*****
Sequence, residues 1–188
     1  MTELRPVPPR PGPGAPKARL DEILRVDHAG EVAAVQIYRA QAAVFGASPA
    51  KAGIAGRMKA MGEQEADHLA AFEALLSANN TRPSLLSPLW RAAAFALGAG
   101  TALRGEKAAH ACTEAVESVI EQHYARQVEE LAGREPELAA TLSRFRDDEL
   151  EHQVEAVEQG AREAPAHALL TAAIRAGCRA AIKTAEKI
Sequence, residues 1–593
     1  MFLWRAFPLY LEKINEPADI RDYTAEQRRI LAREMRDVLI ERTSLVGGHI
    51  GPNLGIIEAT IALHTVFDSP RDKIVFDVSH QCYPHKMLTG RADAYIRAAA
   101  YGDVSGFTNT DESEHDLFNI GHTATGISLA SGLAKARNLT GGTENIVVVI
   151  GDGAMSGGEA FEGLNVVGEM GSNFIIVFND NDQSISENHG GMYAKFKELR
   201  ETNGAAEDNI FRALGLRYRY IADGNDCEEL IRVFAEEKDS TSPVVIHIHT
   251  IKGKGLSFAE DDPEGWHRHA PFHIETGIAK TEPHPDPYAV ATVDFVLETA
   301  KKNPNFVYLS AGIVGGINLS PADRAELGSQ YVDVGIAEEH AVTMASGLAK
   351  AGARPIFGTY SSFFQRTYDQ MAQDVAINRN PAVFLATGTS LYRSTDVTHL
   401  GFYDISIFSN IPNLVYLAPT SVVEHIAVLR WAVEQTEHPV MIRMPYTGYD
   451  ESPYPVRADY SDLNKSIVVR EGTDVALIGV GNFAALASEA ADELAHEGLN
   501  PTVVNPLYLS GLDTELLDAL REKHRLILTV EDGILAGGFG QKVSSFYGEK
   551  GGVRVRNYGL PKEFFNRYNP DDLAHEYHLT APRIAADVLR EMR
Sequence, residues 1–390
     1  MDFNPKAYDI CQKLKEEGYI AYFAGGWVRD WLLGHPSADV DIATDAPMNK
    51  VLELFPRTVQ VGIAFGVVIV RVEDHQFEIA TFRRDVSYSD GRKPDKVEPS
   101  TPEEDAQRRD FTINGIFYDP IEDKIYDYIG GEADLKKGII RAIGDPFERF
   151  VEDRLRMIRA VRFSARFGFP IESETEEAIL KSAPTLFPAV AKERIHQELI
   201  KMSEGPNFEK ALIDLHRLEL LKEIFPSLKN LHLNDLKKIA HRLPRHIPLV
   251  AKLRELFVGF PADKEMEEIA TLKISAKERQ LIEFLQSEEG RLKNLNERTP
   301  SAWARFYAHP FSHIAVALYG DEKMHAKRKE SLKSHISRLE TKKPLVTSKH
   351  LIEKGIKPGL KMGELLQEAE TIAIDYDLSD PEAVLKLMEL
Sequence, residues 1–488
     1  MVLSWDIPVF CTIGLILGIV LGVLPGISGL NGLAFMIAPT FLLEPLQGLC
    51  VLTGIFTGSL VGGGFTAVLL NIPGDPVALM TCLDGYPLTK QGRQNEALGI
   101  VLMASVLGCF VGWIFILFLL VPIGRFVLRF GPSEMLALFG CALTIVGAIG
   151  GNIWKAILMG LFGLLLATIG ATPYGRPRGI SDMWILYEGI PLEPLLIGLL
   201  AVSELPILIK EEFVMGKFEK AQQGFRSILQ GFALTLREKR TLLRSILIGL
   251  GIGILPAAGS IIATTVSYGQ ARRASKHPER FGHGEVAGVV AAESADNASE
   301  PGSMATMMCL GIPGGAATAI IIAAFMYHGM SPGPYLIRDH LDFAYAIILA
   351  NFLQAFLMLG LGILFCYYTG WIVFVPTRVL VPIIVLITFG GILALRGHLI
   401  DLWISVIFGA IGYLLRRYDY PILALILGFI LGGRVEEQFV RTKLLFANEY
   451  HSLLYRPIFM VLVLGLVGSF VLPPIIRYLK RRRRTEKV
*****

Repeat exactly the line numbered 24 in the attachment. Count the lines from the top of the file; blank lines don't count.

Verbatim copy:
   201  KMSEGPNFEK ALIDLHRLEL LKEIFPSLKN LHLNDLKKIA HRLPRHIPLV